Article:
8th corps gunners evened the odds by hitting the highland square near the bridge.   They also made their morale, but would be a less reliable support for the cavalry and artillery.

But the decisive action was when the reserve artillery hit the British dragoons.   They also made their morale, but were disordered.   The lancers from 8th corps charged, and the dragoons were unable to counter charge because they were disordered.  It looked like an easy French win.   The Lancers rolled 2D6, with plus 3 combat factors.  Anything more than a total of 8 would be sufficient to put the British cavalry out of the game.    The French (me) rolled a total of 3 with 2D6.   This resulted in both brigades being shaken and each losing 10% casualties.   Jan was well pleased

However her joy turned to despair during the next move.   Both brigades had to test their morale for being shaken.   The lancers rolled 5 and rallied to disordered.   The dragoons rolled 1 and routed.  The nearby highland brigade had to dice because of the rout, they rolled 2 and also routed.  

All of this happened during move 9, and whilst the French were still out of range of the town.   The British withdrew but held the town.   However it had to be abandoned during the night, or risk the garrison being forced to surrender.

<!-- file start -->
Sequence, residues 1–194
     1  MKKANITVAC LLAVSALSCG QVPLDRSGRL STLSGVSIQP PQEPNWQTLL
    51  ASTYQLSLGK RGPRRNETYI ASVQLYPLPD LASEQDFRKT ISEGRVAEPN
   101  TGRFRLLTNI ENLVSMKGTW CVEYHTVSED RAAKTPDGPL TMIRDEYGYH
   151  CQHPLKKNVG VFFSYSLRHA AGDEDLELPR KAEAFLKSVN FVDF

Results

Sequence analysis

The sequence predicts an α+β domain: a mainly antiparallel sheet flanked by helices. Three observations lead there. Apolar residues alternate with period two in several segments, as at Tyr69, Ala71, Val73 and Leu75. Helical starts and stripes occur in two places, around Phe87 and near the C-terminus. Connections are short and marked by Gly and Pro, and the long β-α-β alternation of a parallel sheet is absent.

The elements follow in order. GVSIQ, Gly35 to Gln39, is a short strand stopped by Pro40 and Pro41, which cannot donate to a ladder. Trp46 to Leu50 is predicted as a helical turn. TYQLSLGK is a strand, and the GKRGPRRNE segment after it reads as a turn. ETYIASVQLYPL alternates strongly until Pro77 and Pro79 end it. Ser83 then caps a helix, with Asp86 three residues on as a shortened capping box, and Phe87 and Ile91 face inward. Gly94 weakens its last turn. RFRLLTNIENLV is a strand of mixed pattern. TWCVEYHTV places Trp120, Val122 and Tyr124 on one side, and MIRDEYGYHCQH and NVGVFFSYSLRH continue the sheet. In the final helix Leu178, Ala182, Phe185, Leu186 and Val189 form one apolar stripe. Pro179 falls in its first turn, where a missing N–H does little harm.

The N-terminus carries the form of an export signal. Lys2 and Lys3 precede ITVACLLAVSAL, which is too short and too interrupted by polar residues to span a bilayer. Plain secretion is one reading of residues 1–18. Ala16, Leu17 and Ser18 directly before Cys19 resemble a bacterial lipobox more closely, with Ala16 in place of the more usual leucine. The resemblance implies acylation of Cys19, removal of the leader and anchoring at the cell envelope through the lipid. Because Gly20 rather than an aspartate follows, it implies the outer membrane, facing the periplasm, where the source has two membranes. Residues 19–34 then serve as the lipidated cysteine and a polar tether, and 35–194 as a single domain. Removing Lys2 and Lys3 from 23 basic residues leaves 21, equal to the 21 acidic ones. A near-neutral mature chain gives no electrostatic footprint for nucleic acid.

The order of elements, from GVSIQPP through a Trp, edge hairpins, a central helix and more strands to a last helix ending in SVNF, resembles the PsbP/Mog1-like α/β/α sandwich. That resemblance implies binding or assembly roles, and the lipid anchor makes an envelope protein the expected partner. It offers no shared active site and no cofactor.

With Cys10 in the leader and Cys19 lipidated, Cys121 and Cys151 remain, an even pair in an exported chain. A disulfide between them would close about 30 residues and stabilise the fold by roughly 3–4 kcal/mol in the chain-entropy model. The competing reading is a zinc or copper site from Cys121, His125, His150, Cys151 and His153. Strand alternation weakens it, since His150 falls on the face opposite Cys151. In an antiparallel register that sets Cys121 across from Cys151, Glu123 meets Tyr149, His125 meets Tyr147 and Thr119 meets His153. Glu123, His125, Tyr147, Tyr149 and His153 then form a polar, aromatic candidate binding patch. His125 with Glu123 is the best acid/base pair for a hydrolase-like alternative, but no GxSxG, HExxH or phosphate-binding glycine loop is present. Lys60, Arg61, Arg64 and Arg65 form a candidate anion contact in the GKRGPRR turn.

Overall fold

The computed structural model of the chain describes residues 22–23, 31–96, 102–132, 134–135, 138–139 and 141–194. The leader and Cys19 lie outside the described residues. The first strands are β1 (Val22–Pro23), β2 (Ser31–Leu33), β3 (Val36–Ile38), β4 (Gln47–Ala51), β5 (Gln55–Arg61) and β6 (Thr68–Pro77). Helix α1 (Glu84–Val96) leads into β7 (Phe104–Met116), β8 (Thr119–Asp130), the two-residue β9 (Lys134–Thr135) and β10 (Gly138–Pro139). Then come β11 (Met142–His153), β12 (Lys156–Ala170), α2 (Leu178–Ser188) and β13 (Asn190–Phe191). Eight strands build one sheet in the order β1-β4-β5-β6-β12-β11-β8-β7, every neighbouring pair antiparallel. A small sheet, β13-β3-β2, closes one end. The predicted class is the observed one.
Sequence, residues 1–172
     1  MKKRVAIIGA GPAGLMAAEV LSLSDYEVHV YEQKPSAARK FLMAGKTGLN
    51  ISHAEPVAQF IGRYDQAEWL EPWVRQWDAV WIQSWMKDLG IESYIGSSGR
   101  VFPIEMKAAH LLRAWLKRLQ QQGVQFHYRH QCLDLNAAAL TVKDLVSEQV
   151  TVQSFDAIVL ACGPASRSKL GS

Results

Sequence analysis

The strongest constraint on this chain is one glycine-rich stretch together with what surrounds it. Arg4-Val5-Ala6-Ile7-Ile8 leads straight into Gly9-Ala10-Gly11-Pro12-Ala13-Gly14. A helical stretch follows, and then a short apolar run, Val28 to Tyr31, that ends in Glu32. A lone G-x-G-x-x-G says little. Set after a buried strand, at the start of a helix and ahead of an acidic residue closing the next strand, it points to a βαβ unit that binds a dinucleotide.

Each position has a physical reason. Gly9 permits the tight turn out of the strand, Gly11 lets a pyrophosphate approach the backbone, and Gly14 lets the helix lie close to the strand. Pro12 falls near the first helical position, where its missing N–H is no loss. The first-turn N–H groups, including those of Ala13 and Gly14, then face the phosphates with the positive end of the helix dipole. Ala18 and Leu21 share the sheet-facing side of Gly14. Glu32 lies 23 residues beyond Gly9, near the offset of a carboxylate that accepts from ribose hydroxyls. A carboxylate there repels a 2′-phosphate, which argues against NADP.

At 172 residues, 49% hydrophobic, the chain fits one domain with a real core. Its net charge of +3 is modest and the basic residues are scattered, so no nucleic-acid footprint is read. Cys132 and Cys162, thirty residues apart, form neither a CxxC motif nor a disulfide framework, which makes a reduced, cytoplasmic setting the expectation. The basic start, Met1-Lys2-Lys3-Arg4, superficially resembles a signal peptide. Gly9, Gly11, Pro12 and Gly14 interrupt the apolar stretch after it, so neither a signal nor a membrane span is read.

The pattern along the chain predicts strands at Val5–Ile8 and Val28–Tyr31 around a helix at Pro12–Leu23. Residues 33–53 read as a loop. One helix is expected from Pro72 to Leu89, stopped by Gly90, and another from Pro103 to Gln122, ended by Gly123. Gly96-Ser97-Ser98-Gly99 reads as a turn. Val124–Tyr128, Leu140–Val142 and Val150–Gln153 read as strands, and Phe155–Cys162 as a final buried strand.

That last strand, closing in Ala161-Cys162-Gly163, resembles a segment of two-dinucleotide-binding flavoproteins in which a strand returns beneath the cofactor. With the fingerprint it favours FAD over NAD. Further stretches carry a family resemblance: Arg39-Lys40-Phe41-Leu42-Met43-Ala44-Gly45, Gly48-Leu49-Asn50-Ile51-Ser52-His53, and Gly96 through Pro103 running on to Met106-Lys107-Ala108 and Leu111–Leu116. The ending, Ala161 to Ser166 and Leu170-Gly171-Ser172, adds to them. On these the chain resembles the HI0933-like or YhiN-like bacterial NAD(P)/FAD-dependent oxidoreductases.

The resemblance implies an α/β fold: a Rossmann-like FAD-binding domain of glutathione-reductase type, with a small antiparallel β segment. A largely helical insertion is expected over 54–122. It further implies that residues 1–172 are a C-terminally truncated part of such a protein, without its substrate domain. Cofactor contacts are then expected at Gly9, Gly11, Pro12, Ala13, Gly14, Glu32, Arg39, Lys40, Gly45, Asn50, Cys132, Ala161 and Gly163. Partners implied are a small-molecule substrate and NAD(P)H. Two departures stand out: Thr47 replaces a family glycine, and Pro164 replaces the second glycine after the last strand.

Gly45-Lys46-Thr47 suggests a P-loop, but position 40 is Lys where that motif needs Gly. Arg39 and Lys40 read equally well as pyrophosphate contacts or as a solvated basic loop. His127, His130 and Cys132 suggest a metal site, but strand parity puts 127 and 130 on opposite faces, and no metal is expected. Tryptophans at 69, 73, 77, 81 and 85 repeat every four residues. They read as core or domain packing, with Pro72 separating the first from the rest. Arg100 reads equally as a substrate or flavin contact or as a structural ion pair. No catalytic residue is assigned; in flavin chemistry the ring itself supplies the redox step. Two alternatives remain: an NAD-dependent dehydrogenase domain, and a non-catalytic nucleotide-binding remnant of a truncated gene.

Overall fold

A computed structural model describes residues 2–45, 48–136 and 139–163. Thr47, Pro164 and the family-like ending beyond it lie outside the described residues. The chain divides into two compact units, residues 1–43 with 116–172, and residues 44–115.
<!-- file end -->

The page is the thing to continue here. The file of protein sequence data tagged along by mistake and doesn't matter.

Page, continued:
An interesting and enjoyable game, for both players.   Neither made any mistakes.   Both had good, and bad, luck with the dice.   The reserve made the difference.   Although they played little part in the battle, they made it impossible for the British to continue a second day after the loss of two brigades, including their only cavalry.

Also an interesting problem for Wellington.   With the loss of both Corunna and Lugo, holding Santiago is now critical.   Another defeat will almost certainly mean he will have to retreat into Portugal.


  1. Having been away from home for a fortnight, I’ve only just caught up with events.

    The campaign seems to be developing nicely, with the British being in danger of being pushed out of that part of Spain. Having recently visited Vigo (which is where the KGL were evacuated from during Sir John Moore’s withdrawal from A Coruna), it struck me that it would have been an interesting place to defend as it was quite heavily fortified.

    Looking forward to seeing how this campaign developed.

    All the best,


  2. Hi Bob

    Nice to hear from you again

    I know that you enjoy cruising, and I immediately thought of you when I heard about the cruise ship in Japan. I know you don't usually venture so far. But what a terrible, and frightening, experience for poor folk who were looking forward to a relaxing holiday.

    We have never visited the north of Spain, though I would like to explore the Corunna campaign. No reason to miss it out, just have not got around to it yet.

    I hope that you don't look at the campaign map,or table top, terrain too close. I have no idea what any of the towns or cities actually look like. And we don't even have the port on the table!!

    I was hoping that Wellington would do well in this campaign, and drive the French back towards France. I don't really want to take the campaign into Portugal. But I may have to.

    Typical of the campaign that it seems to have a mind of its own

    best regards



I have set the settings for comments to come to me before posting so that I will not miss any